The Partnership for Drug-Free Kids reported that nearly one in every five college students abuses prescription stimulants on a routine basis. Amphetamines have an attractive appeal because they have a stimulant effect that keeps a user alert and focused. As a result, many students self-diagnose with ADHD and seek out the medication in order to study harder and improve their grades. Unfortunately, nonmedical use can do more damage than good. According to a recent study, stimulant medications can actually impair functioning in healthy students.
But the real danger is when students mix amphetamines with alcohol. According to the National Survey on Drug Use and Health, nearly 90 percent of students who abused prescription stimulants participated in binge drinking. A third of student users report they take prescription stimulants to allow them to ‘party longer’ sometimes leading to amphetamine overdose. This is because the presence of amphetamines in the system will counteract some of the depressant effects of alcohol. Between 2005 and 2010, emergency room visits related to nonmedical use and amphetamine overdoes among young adults almost quadrupled. Nearly half of these visits were due to mixing ADHD drugs with other drugs or alcohol.
Signs & Symptoms of an Amphetamine Overdose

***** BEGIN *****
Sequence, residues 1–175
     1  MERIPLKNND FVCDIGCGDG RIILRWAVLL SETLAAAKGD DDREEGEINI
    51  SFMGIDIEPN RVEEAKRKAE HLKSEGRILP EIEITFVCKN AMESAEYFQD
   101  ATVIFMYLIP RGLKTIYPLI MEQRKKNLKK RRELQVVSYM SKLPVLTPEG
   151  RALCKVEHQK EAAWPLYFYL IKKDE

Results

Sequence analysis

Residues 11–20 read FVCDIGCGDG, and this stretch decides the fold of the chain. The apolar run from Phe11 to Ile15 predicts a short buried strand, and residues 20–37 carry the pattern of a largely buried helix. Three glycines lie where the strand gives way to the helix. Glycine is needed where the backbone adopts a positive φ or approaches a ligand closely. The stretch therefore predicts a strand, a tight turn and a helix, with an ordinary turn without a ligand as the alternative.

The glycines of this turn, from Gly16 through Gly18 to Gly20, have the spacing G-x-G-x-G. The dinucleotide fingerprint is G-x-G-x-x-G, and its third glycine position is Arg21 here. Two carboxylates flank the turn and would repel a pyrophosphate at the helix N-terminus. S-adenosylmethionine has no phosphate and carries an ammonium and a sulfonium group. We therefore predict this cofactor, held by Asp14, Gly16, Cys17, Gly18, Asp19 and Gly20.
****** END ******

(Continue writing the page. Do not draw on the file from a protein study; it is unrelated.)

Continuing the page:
Over time, an individual who habitually uses prescription amphetamines develops a tolerance. Suddenly the feelings of euphoria and energy have been replaced with extreme angst and exhaustion. As a result, she typically needs a larger dose of amphetamines to achieve the same effects as when she first began using. Unfortunately, constantly chasing the feelings of that first high only results in a vicious cycle of abuse – getting high then crashing, getting higher then crashing harder.
An amphetamine overdose happens when an individual consumes more than her body is capable of metabolizing. As she continues to increase her doses or the frequency in which she uses, there is a serious risk of overdose. The most common signs include:
- Restlessness or tremors
- Rapid or irregular heartbeat
- Twitching or spasms
- And, in severe cases, death
Getting Help After an Amphetamine Overdose
An amphetamine overdose is a serious medical emergency. And, more often than not, it indicates the presence of a serious underlying substance use disorder and/or associated mental health condition.
For many people, professional treatment is required following an overdose. Detox may be necessary to deal with the symptoms of physical withdrawal as well as a long-term treatment program that can provide necessary medical oversight and emotional support.
Melissa Holmes Goodmon is the founder and CEO of Casa Capri Recovery, a leading California addiction treatment center created just for women—by women. Melissa is a licensed clinician and has stayed on the cutting edge of women’s treatment since 2006. Because of her own beautiful recovery story, she is proud to be among a small group of trailblazers since founding Casa Capri Recovery for Women in 2011, leading the way for other women to join them in this otherwise male-dominated industry. She is considered an advocate for the recovery community in the truest sense, standing up to discrimination and legally fighting for the rights of sober people in recovery to live in peace. To learn more about advocacy or if you’ve experienced discrimination, you can reach her at firstname.lastname@example.org. Check out casacaprirecovery.com for more information on our program, or please give us a call at 844-207-4880.